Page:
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Common Health Tests (cont.)

What Is a Screening Test?

Screening is a method of finding diseases in people who do not yet have any signs or symptoms of the disease being screened. The goal of screening is to help people live longer, healthier lives.

  • Does screening improve health outcomes? Sometimes, a person diagnosed with the condition by screening seems to have no improvement in health when compared with a person who is only diagnosed when the disease eventually shows signs or symptoms. An example of a condition in which there is still some debate is diabetes. Although it is clear that there is probably some benefit from screening people with a strong family history of diabetes, annual screening does not necessarily seem to be useful in the general population.
  • When does screening help? Screening helps when a test finds the disease or problem in a large proportion of cases. An excellent example is blood pressure. The blood pressure cuff is very accurate in diagnosing high blood pressure.
  • What are the risks of screening tests? Accuracy of testing is the only risk of screening.
    • However accurate a test may be, tests are never 100 % accurate, and a test may not detect a disease that is there. These called "false negatives."
    • The reverse event can also occur; a test may falsely find a disease where there is none. These results are said to be "false positives." The result of a false positive may be further unnecessary testing, which may be more complex, risky, and expensive.
  • Are common tests more appropriate for some people? All these factors are taken into account before a test is regularly and widely used as a routine health test. These widely used tests are discussed here. Although many screening tests may be appropriate for everyone some screening tests are more appropriate for certain groups of people.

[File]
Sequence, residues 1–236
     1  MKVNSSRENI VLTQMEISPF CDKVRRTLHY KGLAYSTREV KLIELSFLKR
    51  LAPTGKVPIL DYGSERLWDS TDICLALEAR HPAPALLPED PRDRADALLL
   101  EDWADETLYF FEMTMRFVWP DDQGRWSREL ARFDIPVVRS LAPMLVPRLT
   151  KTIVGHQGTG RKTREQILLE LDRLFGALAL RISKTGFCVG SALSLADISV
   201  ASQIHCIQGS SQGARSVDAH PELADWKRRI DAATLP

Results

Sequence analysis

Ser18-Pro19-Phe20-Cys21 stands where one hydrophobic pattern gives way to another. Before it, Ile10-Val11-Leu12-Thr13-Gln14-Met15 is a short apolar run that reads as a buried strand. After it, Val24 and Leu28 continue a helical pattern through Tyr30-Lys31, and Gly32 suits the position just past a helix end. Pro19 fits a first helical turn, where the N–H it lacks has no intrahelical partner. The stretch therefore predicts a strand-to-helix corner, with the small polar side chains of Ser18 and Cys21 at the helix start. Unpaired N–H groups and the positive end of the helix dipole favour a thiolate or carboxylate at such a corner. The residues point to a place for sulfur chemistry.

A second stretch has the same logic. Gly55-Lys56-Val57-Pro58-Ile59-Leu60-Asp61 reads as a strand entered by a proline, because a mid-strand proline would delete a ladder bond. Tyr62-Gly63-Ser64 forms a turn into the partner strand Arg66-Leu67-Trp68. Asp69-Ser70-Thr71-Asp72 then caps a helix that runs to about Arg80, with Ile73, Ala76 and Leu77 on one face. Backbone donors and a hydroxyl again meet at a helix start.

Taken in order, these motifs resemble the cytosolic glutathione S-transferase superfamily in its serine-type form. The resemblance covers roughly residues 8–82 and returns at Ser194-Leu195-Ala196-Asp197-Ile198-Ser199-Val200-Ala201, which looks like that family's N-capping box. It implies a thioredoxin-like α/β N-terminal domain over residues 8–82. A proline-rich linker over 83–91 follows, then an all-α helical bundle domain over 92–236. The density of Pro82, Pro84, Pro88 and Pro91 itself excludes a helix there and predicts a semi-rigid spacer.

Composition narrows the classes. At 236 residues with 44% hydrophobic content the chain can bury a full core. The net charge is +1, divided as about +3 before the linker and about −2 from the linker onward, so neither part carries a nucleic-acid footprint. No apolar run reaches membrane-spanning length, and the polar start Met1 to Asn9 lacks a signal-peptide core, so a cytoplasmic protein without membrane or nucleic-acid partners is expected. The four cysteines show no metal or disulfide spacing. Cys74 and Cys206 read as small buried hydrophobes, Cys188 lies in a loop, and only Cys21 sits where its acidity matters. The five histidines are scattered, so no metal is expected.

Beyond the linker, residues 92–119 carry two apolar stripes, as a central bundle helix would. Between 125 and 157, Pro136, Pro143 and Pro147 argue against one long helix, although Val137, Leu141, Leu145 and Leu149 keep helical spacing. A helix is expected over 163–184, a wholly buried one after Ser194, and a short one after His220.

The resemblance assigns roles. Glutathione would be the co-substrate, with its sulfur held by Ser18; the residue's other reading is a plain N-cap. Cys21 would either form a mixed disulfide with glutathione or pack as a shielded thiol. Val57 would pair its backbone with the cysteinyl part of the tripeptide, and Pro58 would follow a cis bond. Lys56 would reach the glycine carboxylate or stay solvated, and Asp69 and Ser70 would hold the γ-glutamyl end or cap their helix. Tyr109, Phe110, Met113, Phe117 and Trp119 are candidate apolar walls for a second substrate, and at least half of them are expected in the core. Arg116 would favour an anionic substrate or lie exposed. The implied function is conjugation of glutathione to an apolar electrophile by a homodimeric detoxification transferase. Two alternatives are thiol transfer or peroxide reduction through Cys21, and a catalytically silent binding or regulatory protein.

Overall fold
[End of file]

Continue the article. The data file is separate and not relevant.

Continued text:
• Examples would be Pap smears and mammography for women or regular colorectal examinations for people with a family history of colorectal cancer.
    • The family history is very important to a doctor because it may point out tests that the doctor would perform in one case that may not be indicated in another person.
  • What are the best or most reliable screening tests, and when should they be done? Among people in the Western world, a major cause of death is coronary artery disease. There are a number of risk factors for this condition. A risk factor is a characteristic, behavior or environmental condition that increases the chances of developing a disease when compared with a person who does not have the risk factor. Some risk factors for heart disease include a family history of heart disease, smoking, high cholesterol, diabetes, and high blood pressure.
    • Some of these risk factors you cannot change. You cannot change family history, for example.
    • Some risk factors are completely under your control. You can determine whether to alter that risk factor, like smoking cessation.
    • Some factors could be altered through medication, dietary control, exercise, or other means. Examples are high blood pressure and high cholesterol.
Medically Reviewed by a Doctor on 1/12/2015
Medical Editor:

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